It was a confusing statement, one Kazimir was not entirely sure he translated correctly. Before he could ask, the American went on, growing warmer at the subject or from his liquor. "Not to say you have no value, or that you are a piece of land. Merely agreeing with you. It's difficult to let go. It can be difficult." He scowled down at his glass.
"You are drunk." Kazimir was neither amused or shocked, though he was not certain why he bothered commenting. His guests were currently swimming in gin.
"Usually," the American hummed a little, a piece from the opera tonight, "I usually am, when not working. May I ask you something?" He paused. "Did you not like the pearls? The gesture was beautifully executed, and I applauded, but outside of this apartment people are hungry."
"And the inhuman creature throws away pearls while the bread lines grow." Kazimir looked down to straighten his robe and when he raised his eyes, the American was looking right back at him. It took him too long to speak again. "Perhaps I prefer diamonds." He held the man's gaze even with the touch of electricity down his back and the ache in his bones. "Do you have diamonds?" he ducked his head to inhale greedily, and glanced up, an unrivalled courtesan. He swept a look over the American's clothes, noting the lack of starch in the shirt as if it had been worn a few times since its last cleaning. It might be the man's only dress shirt. Kazimir clucked his tongue pityingly and straightened. "I don't think you do," he sighed as if bored and waited. When insulted, some dogs licked your hand, others bit.
This dog tilted his head to one side. "You want diamonds? Common diamonds?" He seemed unwilling to admit the possibility that anyone would see a diamond as anything other than a shiny stone, though he returned the same sweeping look Kazimir had given him.
Kazimir felt himself go still. The human pretended not to see, though he must have.
"No, rubies surely. You must have been offered rubies too," the American went on, then wrinkled his nose and gave Kazimir another of his brief, searching looks. "Forgive me but as much as I can see you in jewels, your own natural beauty would render them redundant. You're handsome, yes, your jaw, your shoulders, your tapered waist and straight nose, but mostly… beautiful. Beautiful is the only word that suits you, or, I should say, it is the only word that comes to mind that wouldn't embarrass me."
"So you offer me no jewels at all?" Kazimir could have played coy, accepted the compliment and whatever money the man did have. He intended to, but the words came escaped him in a lilt, a graceful humming note when there should have been a blast of sound.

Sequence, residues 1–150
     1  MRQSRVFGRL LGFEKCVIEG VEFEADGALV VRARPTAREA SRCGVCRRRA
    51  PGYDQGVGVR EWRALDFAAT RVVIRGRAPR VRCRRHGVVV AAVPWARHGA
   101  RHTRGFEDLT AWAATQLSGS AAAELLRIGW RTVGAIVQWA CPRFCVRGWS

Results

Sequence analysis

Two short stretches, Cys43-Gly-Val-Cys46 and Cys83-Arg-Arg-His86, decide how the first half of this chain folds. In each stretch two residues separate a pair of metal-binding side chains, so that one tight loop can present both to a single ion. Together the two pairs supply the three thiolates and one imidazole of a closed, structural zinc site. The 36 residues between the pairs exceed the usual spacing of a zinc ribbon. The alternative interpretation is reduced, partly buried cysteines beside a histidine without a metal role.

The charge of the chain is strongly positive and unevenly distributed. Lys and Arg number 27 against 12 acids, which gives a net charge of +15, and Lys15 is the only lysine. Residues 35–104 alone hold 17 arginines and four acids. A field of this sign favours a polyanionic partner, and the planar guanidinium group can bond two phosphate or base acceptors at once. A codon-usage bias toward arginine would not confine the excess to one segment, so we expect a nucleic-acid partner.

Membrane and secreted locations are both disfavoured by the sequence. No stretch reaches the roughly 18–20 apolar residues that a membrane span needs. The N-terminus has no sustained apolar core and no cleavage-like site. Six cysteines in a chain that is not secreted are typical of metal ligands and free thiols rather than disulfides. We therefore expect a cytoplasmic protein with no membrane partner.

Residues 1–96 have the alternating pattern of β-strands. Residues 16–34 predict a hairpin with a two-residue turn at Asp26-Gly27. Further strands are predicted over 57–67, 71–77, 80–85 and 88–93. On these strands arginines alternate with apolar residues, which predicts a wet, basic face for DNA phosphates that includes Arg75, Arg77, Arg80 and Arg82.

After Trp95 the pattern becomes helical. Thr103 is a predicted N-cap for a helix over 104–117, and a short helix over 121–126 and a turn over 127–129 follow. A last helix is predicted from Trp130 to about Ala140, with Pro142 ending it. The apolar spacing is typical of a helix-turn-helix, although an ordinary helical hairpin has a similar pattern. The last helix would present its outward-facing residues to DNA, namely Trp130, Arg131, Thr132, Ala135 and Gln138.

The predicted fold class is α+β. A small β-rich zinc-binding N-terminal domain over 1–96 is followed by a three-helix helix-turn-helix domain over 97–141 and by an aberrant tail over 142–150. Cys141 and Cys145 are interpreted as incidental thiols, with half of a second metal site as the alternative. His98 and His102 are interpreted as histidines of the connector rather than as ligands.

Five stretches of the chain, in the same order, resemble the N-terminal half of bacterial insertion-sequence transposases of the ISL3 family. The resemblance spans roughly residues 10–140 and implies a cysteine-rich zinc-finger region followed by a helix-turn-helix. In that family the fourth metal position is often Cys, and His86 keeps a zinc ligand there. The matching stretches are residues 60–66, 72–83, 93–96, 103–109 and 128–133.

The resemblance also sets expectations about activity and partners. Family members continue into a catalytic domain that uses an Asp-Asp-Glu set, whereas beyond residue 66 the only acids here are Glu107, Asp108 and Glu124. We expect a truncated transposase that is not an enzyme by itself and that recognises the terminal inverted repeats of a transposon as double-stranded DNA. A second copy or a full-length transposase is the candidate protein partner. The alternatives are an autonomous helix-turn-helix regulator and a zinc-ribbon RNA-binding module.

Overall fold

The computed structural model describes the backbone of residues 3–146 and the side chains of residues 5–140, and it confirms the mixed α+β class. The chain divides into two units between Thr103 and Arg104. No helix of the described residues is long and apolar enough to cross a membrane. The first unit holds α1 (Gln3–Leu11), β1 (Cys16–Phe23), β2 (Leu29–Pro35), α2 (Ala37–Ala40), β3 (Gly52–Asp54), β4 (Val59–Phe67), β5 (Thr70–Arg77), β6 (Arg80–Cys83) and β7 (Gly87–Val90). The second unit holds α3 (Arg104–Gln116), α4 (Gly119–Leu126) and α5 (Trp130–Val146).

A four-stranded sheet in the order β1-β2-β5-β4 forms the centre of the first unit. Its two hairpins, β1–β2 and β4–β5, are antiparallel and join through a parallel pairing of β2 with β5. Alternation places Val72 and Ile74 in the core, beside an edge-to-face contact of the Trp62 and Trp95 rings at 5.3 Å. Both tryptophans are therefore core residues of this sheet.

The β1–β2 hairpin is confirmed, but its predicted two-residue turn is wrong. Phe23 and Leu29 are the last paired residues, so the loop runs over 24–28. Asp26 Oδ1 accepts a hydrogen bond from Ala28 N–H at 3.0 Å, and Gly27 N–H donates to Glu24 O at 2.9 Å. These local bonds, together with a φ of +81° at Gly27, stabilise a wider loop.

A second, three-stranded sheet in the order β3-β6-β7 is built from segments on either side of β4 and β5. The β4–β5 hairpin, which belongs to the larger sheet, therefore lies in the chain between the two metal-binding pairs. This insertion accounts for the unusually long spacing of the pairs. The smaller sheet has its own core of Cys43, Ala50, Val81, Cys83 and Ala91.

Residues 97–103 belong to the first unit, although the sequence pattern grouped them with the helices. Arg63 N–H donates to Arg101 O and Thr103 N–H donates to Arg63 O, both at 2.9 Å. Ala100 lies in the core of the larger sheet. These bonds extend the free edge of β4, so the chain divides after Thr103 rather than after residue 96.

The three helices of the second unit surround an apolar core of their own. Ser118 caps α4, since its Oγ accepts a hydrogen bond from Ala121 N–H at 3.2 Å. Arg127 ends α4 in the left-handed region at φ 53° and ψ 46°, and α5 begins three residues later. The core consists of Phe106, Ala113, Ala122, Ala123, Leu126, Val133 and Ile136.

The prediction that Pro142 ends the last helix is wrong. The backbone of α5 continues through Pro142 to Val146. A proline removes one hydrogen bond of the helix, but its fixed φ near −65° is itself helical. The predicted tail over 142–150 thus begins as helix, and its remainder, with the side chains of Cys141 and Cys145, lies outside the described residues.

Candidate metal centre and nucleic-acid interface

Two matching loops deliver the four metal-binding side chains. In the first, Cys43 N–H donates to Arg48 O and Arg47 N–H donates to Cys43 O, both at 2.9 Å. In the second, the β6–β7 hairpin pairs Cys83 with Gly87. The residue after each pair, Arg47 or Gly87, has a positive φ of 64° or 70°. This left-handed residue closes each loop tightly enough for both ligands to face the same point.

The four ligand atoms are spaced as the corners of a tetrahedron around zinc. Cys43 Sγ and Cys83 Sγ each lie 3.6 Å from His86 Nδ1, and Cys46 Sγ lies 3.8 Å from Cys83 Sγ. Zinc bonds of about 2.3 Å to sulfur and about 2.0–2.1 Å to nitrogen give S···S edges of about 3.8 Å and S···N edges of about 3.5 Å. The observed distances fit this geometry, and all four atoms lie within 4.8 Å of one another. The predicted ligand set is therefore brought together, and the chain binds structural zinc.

"Flowers. Those I would give you, if I had the money to, which I don't." The American nodded and took another drink. Kazimir could not tell if he meant it at all; the man looked at him in the same way as before, direct and then from the side, strangely shy. He was a schoolboy until he spoke.
"Roses?" Kazimir angled his head up and let out a pointed, light yawn. His heart would not slow. "Orchids?"
"Mere weeds!" the American scoffed, serious or playful, Kazimir could not determine, and did not allow himself to react though the American went on, "painted blooms in paper coffins, cut and wrapped and stuffed into a vase for display. No, not those. Not for you."
"What then?" Kazimir leaned back against a wrought-iron stand, velvety fern fronds tickling his bare skin. He put his wrist to his forehead like a film actress. The American's breath seemed to leave him in a rush, and when Kazimir looked, the man was watching him, earnestly now, if he had not been before.
"Wild flowers, the kind I have only ever seen in fields in Belgium. The kinds that grow on this continent no matter what is done to the land. Cascading colors so bright they're obscene. Blooms so beautiful they make you forget that even flowers fight for survival. Wild flowers, hardier than anything grown in a nursery. I'd make you a crown of them."
"Free flowers then?" Kazimir countered, his hand falling to his throat, though the weight of the pearls was long gone. The American threw his head back and laughed. It was too loud from drink, but still a rich, pleased sound that drew attention. A few people stopped at the doorway to peek at them.
"No jewels and no flowers will please you, Monsieur Firebird?" He was charming now suddenly, this American, leaving Kazimir to stare and wonder where his shyness had gone.
"I have never asked for them," he insisted, still with his hand at his throat, and the man dropped his crooked smile before Kazimir had even fully realized it was there.
"So you throw them away as though they are nothing?" He was gruff but quiet, and once again Kazimir could not tell if he was joking. He could not ask any more than he could ask for stories of these fields where wild flowers grew. He had traveled by train many years ago but had never stopped to look out at farmland turned grey with trenches and rain. He took a breath.
"That is no way to talk, Monsieur L'Américain, not if you wish to win a firebird." He was not drunk, but he sang it out, so sweetly it seemed a mockery.
The American frowned. "You said I should not--" he started, but was cut off by the arrival of Michel, who turned on the lights as he strode in. The American shut his eyes for a moment and swore, in the crude manner that seemed his habit. "Fuck."
Kazimir took a moment to study him in the light, from the shine in his brown curls to the dull scuff of his shoes. His trousers were recently ironed, but frayed, and a tarnished watch was ready to fall from his pocket. His lips were indeed yielding and pink, but held lines at the corners that spoke of pain. He was no schoolboy, but older than thirty, though not much. He was thin, and his skin had a tint of its own, as if good food and sun were all that were needed to make him beautiful, and perhaps a shave. He was not a picture of health. His skin was dotted with sweat despite the chill, like a human, a tipsy human without much money who had not eaten a solid meal in some time.